While the O’Farrell, Jones & Hyde line is a half-century gone now, it lives on, not only in the Hyde Street trackage (now operated as part of the Powell-Hyde line), but in many of the cars that originally ran on the line.

When Muni eliminated about three-quarters of the mileage of the old Cal Cable lines, dozens of the double-ended maroon and yellow cable cars were sold off as surplus. (Author Paul Bignardi tracked down the fate of all of them in his fleet history of all Muni vehicles, available at our museum or online store.)

In the mid 1990s, Market Street Railway volunteers, led by the late Dave Pharr and master craftsman Fred Bennett, spent thousands of hours meticulously restoring one of these, O’Farrell, Jones & Hyde car No. 42, to its original condition, including solid tongue-and-groove ends and ornate hand lettering and striping. The car, reacquired from a rancher in Santa Maria who had protected it from the elements, is now again part of Muni’s fleet — the only one wearing the O’Farrell, Jones & Hyde livery — serving as Muni’s ceremonial cable car and carrying the public every year during Muni Heritage Weekend.

O’Farrell Jones & Hyde line cable car 42 returns to the Hyde Street Hill after our nonprofit reacquired and helped restore it. Frank Zepeda photo, 2014.

While the bodies of the cable cars that ran on the California and Hyde lines were identical, the grip mechanisms were not, so each line had its own dedicated fleet. After the ‘consolidation’ of 1954, Muni standardized all the grips, then picked the best double-end cars from both lines–California Street, and O’Farrell, Jones & Hyde–to be used on the reconstituted California Street line. Six ex-O’Farrell cars, Nos. 50, 51, 53, 56, 57 and 58, migrated to the California line, where they still run today.

O’Farrell, Jones & Hyde Car 41 on O’Farrell Street, 1909. Val Lupiz collection.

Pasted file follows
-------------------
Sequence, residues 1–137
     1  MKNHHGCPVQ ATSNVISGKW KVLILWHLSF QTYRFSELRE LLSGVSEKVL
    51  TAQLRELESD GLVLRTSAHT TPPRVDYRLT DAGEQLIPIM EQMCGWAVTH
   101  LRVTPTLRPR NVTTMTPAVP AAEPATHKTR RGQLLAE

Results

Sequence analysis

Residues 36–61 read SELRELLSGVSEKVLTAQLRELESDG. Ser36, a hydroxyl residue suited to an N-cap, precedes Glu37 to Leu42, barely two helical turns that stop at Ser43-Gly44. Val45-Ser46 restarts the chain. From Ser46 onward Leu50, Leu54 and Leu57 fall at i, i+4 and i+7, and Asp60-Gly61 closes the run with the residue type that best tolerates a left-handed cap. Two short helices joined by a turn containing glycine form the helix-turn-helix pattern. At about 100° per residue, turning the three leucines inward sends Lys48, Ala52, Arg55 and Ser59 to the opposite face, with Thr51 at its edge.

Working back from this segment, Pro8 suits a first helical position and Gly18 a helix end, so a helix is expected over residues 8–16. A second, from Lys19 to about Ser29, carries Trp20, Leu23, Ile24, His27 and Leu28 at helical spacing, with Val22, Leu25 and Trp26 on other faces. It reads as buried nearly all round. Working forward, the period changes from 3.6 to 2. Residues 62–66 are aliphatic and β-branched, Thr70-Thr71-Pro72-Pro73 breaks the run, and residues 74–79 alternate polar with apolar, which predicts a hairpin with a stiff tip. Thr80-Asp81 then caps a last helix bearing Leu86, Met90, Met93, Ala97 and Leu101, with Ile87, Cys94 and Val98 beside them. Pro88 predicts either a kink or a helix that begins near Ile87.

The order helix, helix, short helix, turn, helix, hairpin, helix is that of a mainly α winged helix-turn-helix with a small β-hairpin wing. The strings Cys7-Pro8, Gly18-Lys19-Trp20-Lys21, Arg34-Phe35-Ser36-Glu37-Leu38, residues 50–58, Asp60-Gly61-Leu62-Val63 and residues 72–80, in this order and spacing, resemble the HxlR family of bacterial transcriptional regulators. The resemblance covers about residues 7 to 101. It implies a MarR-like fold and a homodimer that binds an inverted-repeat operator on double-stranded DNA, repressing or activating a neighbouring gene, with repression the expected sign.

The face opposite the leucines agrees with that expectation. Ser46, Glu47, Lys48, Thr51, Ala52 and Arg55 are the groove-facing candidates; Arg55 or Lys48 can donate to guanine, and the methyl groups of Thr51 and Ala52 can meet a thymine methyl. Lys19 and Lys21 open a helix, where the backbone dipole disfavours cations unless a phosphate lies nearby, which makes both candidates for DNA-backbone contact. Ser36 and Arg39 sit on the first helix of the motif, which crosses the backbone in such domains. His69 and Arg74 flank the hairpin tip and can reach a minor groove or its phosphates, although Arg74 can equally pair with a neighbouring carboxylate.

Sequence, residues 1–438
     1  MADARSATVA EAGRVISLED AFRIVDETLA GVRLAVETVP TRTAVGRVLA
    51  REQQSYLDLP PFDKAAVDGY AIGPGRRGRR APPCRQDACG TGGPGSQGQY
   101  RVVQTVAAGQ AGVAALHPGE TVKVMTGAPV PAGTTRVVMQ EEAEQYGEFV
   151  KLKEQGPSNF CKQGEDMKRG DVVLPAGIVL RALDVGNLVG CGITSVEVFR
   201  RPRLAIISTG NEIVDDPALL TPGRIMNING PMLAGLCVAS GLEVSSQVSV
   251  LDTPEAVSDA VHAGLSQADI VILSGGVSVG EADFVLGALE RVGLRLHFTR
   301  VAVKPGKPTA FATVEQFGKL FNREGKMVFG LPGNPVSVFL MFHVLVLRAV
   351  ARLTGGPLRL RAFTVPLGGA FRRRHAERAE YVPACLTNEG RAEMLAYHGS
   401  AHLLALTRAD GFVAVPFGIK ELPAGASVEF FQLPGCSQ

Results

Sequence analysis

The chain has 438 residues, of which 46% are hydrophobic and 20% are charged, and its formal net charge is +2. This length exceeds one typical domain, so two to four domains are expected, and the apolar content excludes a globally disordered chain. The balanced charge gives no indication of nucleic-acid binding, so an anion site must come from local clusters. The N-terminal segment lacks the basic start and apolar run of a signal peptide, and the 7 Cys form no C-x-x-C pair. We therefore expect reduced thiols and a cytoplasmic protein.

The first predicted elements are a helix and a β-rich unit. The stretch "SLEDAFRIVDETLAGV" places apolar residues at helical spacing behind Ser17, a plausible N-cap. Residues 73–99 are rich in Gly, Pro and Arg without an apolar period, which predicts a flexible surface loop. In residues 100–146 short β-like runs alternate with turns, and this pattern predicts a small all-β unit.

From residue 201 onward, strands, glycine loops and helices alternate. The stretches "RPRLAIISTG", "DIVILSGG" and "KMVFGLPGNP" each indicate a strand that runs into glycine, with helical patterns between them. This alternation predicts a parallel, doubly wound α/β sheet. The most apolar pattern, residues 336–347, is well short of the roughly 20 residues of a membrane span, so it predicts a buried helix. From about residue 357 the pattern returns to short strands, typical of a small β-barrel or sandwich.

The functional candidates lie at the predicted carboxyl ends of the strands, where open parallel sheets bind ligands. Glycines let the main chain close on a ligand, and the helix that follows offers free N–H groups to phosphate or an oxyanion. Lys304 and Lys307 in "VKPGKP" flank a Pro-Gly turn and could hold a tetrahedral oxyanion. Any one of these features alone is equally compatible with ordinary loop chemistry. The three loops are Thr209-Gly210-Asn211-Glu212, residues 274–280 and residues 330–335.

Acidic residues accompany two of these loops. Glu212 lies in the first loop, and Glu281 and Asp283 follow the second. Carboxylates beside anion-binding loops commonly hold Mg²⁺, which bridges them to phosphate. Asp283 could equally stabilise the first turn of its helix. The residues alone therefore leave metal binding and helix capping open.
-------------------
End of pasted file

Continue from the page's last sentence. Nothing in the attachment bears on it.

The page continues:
Written by Rick Laubscher. Photos by Walter Vielbaum, except where noted..

This story is an updated version of one originally published in our quarterly member magazine, Inside Track, in 2004, to mark the 50th anniversary of the cable car massacre of 1954. Inside Track always contains exclusive content you won’t find anywhere else (at least until much later). We depend on your support to further our mission of Preserving Historic Transit in San Francisco, so please join Market Street Railway or donate.  Thank you.

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Second Century for C-1

C1_park_1916

C1_park_1992

Ever forget a birthday? We did, until Jeremy Menzies, who runs the great SFMTA Photo Archives, reminded us. Here’s his blog post on the 100th birthday of Muni’s only purpose-built work car, No. C-1.

The two links tell the story pretty completely. We just love this streetcar, a true rarity in transit today: a vehicle built exclusively for working on the system (instead of carrying passengers) that is still doing what it was built to do, for its original owner, a full century later. We don’t know of a comparable car, in North America at least.

When our volunteers restored it to its original appearance in 1992 (it had been heavily modified over the decades), it was reintroduced to the public on Muni’s 80th birthday, December 28, 1992. The redoubtable Carl Nolte described it thus, in the Chronicle 

Even decked out in brand new gray paint with gold trim and flying four little flags, car C-1 would never be mistaken for a thing of beauty. It looks a bit like an outhouse mounted atop a dump truck, the kind of thing a small child might make out of blocks of wood.

Impressed by its role as the centerpiece of Muni’s birthday celebration, Nolte dubbed it “drudge made queen for a day.”  Queen of the work cars forever, as far as we’re concerned.

And this also gives us the chance to share three great photos. The top one is the first known photo of C-1, taken March 17, 1916, obviously brand new.  Below it, a matching shot we helped stage after the restoration in 1992. We’ll finish with a shot with a shot of C1 on Presidio Avenue near Geary in the 1940s when it had extra stuff bolted onto it.

02-036-c1_40s02-036-c1_40s

Happy Birthday, C-1!

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Sutro Baths’ 120th Anniversary

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Today is the 120th anniversary of the opening of Sutro Baths, a remarkable wood-and-glass Victorian confection at the western edge of the continent (and the city), aptly named Land’s End. Adolph Sutro, mining magnate and mayor, built the baths as an attraction for the growing city, residents and visitors alike. Seven pools filled with seawater heated to different temperatures, as shown in this Golden Gate National Recreation Area photo.

But the site was a long way from where people lived back then. To get there, Sutro built his own streetcar line. This was a common practice of land developers across America in that era. The flip side was also true: private streetcar companies often built amusement parks and other attractions at the ends of their lines to attract weekend riders.